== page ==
Yer. That’s pretty much the essence of what the DVLA theory test book says, alter your road position to break the looming effect. He probably wrote it!


I’ve found a scarf flapping about helps, I see people’s eyes double take and fix on it, not the bike, the red scarf flapping. I notice a big difference with n without it, car drivers behind increase their following distance, they often drop back a metre or so more, I reckon it’s a good visual indicator of movement and speed that you can easily lose cacooned in a car. Mind you on the motorway after a while it flapping about is annoying on the neck, maybe I need a little cape!


">

 

Just watch that scarf, Isadora!

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Quite often when I see him post about right of way he's almost illustrating the opposite, ie "just because you have 'right of way' doesn't mean someone won't pull out on you" as an attitude to approaching a hazard, as if he's mimicking the way people talk. I sit there quite a few times listening to people and they say "and even though I had right of way the other guy....."

 

I guess it's something that those of us who have been riding a long time take for granted, but these are good tips for newer riders.


There's no use in being 'in the right' when you're in a hospital bed, best to ride like no-one has seen you and never assume they have or will give way as they should.


While there have always been people who don't look, I do think people's attitudes on the roads has gotten a lot worse over the last 10 years or so. People seem to take it personally now if they are held up due to the fact other people are on the road and have a high sense of entitlement. Also bikers are becoming a less common site and so people aren't looking for them as much.


Another good book I can recommend to newer (and older) riders is Roadcraft (the police handbook) which covers a lot of advanced riding techniques and some good points on frame of mind. Sometimes our ego and 'seeing red' can get us into big trouble, and it takes a lot of effort to stay calm, but it really helps with control.

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Evening everybody, I'm Kevin Williams, the person behind Survival Skills and 'The Science Of Being Seen' or SOBS for short. I got a tip-off today that a post about Survival Skills had gone up here, so popped in to look, as you do - and I can only say a very big thanks to everyone who's commented positively on Survival Skills, the riding tips on the site itself and on FB, my books and my work with Biker Down.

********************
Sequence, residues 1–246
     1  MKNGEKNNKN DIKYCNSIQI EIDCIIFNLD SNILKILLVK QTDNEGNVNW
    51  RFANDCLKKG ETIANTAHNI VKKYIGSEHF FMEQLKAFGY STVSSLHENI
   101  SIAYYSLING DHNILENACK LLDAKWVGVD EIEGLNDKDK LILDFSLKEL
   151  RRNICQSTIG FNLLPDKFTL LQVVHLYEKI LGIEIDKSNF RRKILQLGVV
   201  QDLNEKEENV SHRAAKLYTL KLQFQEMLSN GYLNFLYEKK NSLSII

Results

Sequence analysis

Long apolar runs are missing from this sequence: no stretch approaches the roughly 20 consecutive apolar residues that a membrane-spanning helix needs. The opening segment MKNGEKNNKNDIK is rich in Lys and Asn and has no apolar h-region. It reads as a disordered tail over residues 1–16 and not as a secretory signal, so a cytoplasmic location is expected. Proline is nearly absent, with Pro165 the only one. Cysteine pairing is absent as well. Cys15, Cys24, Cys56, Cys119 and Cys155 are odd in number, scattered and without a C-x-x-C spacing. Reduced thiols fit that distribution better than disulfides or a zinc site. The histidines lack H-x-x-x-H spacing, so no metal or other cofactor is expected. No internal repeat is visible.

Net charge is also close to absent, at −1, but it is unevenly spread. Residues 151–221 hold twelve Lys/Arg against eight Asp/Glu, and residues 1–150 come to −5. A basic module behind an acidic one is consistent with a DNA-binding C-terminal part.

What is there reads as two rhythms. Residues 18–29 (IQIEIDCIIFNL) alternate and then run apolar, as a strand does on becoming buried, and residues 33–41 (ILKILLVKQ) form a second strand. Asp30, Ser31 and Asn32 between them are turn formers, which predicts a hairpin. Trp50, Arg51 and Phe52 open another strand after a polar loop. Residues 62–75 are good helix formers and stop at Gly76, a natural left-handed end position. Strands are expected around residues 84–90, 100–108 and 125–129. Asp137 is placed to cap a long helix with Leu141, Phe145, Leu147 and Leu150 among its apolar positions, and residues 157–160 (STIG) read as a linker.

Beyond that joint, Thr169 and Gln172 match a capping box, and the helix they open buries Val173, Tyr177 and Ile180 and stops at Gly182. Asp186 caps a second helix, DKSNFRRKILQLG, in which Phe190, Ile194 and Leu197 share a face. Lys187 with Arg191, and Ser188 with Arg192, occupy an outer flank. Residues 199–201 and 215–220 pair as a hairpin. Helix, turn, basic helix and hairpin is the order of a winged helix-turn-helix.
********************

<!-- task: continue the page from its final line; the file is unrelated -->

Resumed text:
I was particularly interested in this statement:


"The fat DVSA book you have to read to pass the theory test goes into motion camouflage/looming and how to break its effects which I thought was very forward thinking of them, simply written and easy to follow."


I have to admit I have a shelf-full of DSA / DVSA books going back to the mid-90s and I usually buy one, read it, then wonder where it's changed since the last edition... so I must admit I haven't got the very latest and I was very interested to hear that information has now made its way into the book.


It ties in with my experience on the Met Police BikeSafe course earlier this year - they also mentioned these effects.


Unfortunately, I wasn't consulted lol. I've only got an MSc so I guess I wasn't important enough ;) Instead they went to a chap called Cris Burgess who's a professor (psychology I think) to validate the work.


I spent years as a courier before becoming a bike trainer so have plenty of experience of the 'looked but failed to see' problems we face as bikers, and when I started CBT training in 95 I was a bit shocked to see that the advice barely got beyond "wear hi-vis and turn your lights on" - the same advice that was first handed out 20 years earlier.


That just happened to coincide with the internet really starting to open up access to scientific research so I started looking personally into the problem. I have been writing about conspicuity issues, the problems with relying on DRLs and hi-vis, and the benefit of lateral motion pretty much since that time. By the early 2000s I was refining my ideas - there's a tip written about 2002 on my website to that effect, and I certainly mentioned the problem in my MAG column which ran from 2002 to 2014 (which I've just relaunched as it happens).


When I got talking with James Sanderson from Kent Fire and Rescue Service about what we could put together for the third pro-active module for Biker Down, I went away and really started digging the background research out. And when I got invited to tour New Zealand on the Shiny Side Up tour earlier this year and delivers SOBS to the Kiwi riders, I decided to put the SOBS website together, and that's what I've been working on for the last 9 months.